Otago University (NZ) is fundraising for Prof. Tate's team's ME research

Ravn

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The University of Otago is currently asking for donations (NZ & International) to support the work of Prof. Tate and his team: https://alumni.otago.ac.nz/donate/myalgic-encephalitis

If you can't contribute financially, maybe you could share the link on your FB, Twitter, etc.

The website above only states that donations are to support research into ME, without any further detail, but Prof Tate has kindly provided some additional information, and permission to share.

Research into ME is not a priority in NZ and funding via the mainstream channels is difficult and uncertain, hence the drive for donations.
Up to now, sometimes I have not known where our money was going to come from to continue the research even a week or two ahead [...] I am very proud of what my small team has achieved on such a small ‘uncertain’ budget.
Despite the funding challenges they have managed to do some interesting work. Two recent publications:

A compromised paraventricular nucleus within a dysfunctional hypothalamus: A novel neuroinflammatory paradigm for ME/CFS
Angus Mackay, Warren P Tate in International Journal of Immunopathology and Pharmacology (Dec 2018) https://doi.org/10.1177/2058738418812342

Changes in the transcriptome of circulating immune cells of a New Zealand cohort with myalgic encephalomyelitis/chronic fatigue syndrome
Eiren Sweetman, Margaret Ryan, Christina Edgar, Angus MacKay, Rosamund Vallings, Warren Tate in International Journal of Immunopathology and Pharmacology (Jan 2019) https://doi.org/10.1177/2058738418820402

This latter study has led to the team now collaborating with Prof Montoya at Stanford on a study on cytokine abnormalities.

Their programme for 2019, for which donations are being sought:
In 2019 the Tate Research group is focussing on ME/CFS patient studies in two important areas of research.
(A) Energy production

We are determining in ME/CFS patients and age/gender matched healthy controls the complete bioenergetic profiles of the cell’s energy powerhouse (mitochondrion) and its effectiveness to produce energy. We will also investigate the levels of an important component of this energy production, CoQ10, in plasma and immune cells and whether the status of this biomolecule can be improved by the freely available supplement MitoQ. To assess whether MitoQ as an antioxidant improves energy production in the cells, it will be added to pure immune cells isolated from patients, and as well we will determine how concentrations of CoQ10 change in the plasma and cells of patients when they begin to take the supplement. In both cases we will determine if there is an improvement in bioenergetic profiles in response to MitoQ. Production of destructive reactive oxygen species, and the effectiveness of MitoQ as an antioxidant to mitigate this thereby improving energy production will be assessed.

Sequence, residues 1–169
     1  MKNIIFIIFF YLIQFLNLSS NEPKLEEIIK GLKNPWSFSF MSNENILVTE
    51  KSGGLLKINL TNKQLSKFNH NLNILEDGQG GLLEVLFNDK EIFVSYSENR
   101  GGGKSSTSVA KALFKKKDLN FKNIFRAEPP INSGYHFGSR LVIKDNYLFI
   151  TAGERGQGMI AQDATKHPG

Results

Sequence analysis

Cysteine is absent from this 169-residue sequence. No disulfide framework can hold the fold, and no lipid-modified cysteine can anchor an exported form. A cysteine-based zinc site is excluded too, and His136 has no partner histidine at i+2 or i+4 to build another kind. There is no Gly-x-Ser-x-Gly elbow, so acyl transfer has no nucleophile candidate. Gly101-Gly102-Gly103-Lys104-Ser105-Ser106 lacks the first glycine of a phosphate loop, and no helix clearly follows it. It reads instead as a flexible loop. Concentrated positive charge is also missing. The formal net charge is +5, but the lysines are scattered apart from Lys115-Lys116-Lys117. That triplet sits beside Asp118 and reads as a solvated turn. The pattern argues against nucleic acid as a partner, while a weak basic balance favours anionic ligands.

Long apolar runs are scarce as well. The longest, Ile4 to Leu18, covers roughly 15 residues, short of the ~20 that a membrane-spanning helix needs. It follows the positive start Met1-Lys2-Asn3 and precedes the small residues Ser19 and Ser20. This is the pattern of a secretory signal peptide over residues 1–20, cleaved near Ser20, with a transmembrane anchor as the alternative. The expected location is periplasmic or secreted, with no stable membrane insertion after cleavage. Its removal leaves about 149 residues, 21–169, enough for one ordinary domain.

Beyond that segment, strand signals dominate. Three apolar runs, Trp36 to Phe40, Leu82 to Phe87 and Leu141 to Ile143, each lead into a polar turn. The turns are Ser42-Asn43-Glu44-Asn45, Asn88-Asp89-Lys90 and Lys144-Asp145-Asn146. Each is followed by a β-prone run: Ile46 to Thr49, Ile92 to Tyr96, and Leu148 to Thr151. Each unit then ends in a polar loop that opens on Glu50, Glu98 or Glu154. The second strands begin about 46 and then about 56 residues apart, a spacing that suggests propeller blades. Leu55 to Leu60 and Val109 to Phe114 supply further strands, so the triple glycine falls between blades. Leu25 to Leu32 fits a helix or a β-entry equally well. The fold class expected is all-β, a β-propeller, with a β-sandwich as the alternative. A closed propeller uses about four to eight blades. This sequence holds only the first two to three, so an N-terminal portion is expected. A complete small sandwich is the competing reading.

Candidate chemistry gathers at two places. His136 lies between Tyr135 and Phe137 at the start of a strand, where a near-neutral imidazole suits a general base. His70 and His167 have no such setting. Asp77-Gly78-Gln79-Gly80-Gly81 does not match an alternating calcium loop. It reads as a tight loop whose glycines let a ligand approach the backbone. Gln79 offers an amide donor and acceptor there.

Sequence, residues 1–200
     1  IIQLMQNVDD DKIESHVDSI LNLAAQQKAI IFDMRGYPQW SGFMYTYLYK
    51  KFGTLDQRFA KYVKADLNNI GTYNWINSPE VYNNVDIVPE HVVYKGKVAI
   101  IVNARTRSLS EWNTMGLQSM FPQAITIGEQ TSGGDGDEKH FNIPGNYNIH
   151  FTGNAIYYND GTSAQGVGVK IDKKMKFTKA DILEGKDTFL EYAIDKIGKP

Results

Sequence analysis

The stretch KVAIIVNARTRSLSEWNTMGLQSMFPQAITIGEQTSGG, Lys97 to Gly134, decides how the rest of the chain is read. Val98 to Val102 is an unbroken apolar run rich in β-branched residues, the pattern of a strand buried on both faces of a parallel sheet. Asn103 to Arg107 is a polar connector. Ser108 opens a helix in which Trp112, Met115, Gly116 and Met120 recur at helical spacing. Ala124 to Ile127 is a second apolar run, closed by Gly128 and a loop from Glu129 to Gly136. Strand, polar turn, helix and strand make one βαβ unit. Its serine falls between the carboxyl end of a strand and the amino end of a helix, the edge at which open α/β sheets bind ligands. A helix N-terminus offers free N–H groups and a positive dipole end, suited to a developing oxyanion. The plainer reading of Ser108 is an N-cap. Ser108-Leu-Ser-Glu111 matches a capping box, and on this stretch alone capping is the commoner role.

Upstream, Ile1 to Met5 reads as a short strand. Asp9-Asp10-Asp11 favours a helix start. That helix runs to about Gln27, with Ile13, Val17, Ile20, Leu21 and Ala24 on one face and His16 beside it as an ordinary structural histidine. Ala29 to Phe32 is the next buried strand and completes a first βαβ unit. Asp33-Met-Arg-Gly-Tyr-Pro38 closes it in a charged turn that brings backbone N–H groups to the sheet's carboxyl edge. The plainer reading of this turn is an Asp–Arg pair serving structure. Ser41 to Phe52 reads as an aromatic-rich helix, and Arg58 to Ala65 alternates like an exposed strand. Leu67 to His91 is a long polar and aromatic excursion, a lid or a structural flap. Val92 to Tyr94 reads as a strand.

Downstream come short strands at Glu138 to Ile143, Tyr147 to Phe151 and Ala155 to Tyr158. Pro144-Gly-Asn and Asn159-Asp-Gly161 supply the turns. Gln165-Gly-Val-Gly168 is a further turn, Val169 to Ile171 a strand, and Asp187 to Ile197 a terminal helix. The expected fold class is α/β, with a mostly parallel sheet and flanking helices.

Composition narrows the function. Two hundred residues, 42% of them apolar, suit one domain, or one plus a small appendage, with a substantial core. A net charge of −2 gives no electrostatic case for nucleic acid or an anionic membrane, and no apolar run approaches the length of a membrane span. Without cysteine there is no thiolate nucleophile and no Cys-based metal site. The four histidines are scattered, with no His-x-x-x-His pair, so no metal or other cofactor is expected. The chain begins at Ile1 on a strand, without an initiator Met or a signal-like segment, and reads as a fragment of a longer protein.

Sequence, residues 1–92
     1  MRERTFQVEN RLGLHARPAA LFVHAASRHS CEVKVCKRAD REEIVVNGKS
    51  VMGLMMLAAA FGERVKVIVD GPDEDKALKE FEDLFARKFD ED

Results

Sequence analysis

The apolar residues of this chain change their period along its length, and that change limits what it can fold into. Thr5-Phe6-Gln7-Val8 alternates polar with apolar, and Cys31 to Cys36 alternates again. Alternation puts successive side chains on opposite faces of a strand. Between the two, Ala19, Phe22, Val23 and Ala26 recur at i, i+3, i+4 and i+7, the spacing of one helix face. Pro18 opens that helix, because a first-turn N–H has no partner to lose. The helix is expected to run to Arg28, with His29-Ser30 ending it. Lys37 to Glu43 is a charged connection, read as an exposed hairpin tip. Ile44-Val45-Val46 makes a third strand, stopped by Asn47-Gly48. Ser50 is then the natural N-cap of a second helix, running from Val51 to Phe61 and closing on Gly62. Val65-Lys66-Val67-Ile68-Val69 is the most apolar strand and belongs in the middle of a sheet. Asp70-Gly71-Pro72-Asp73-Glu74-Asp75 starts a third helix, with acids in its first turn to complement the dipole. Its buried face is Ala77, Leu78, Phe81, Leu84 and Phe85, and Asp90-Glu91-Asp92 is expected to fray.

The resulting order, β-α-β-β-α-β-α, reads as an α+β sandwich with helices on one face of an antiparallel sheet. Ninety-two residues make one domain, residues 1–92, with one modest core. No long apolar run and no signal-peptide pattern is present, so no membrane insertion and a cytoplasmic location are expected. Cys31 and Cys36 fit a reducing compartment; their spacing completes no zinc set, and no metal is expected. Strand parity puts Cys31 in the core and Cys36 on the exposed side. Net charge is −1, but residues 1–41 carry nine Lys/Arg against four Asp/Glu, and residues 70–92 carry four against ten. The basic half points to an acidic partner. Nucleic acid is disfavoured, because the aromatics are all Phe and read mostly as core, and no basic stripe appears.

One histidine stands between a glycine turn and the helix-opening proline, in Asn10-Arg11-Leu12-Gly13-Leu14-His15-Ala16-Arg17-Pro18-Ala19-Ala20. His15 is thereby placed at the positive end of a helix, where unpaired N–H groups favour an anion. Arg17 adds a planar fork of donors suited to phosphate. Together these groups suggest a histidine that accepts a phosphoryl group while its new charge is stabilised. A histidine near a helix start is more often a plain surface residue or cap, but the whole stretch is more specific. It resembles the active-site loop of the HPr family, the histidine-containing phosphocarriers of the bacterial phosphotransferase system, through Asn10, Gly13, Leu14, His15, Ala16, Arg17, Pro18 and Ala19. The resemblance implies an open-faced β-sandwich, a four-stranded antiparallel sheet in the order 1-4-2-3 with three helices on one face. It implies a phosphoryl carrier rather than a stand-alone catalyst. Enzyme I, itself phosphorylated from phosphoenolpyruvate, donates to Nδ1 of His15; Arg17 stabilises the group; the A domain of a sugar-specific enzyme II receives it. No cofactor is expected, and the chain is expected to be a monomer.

Our studies groups will include samples taken from (i) our original Dunedin Study patient group, (ii) a new patient group recruited specifically for bioenergetic analyses with our new Seahorse bioanalyser, (iii) patients who have been in a relapse/recovery study group, (iv) A pre- and post exercise study group who have been documented to have experienced post exertional malaise (exercise intolerance) at 24h.

(B) Epigenetic code dynamics

Our recently published study of the ME/CFS patients ‘expressed gene profile”
(transcriptome) compared with age/gender matched controls of the Dunedin study (Sweetman et al., International Journal of Immunopathology and Pharmacology –January 2019) suggested the expression of many genes encoding products of biochemical pathways are depressed, complementing the conclusions of a 2016 Stanford University study of plasma metabolites that gave data indirectly suggesting ME/CFS patients have ~20 biochemical pathways functioning at a lower level than normal. One way this could happen is if there were a change in the dynamics of the epigenetic code – this encompasses the methylation tags on DNA around the on/off switches for the expression of genes. We are examining 30 million sites in the DNA genomes of patients in the Dunedin study, and of a second study group of patients undergoing relapse /recovery cycles, using reduced bisulphite sequencing. This will enable us to deduce which individual genes are affected, and how that translates into lower efficiency of biochemical pathways that might be sustaining ME/CFS.
I've attached a pdf with some additional responses from Prof. Tate.

I for one will be diverting some of my donation budget their way this year. We can't afford to lose any ME research teams, least of all one containing some young scientists with good brains, judging by their recent papers.
 

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